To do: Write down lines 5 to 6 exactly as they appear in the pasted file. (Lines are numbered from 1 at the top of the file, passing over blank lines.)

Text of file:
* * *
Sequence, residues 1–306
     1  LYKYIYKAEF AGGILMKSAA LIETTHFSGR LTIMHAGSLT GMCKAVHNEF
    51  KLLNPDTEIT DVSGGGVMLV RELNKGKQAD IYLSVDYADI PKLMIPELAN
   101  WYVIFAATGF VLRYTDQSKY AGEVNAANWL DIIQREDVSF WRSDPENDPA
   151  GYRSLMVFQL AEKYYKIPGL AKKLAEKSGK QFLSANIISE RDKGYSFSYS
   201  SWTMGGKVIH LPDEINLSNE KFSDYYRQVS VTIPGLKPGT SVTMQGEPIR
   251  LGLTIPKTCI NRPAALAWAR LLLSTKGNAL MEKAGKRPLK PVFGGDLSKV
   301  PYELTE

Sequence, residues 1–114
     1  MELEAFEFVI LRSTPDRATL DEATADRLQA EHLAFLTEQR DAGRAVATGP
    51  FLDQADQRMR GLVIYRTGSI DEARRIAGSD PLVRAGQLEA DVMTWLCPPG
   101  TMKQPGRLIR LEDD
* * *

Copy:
   151  GYRSLMVFQL AEKYYKIPGL AKKLAEKSGK QFLSANIISE RDKGYSFSYS
   201  SWTMGGKVIH LPDEINLSNE KFSDYYRQVS VTIPGLKPGT SVTMQGEPIR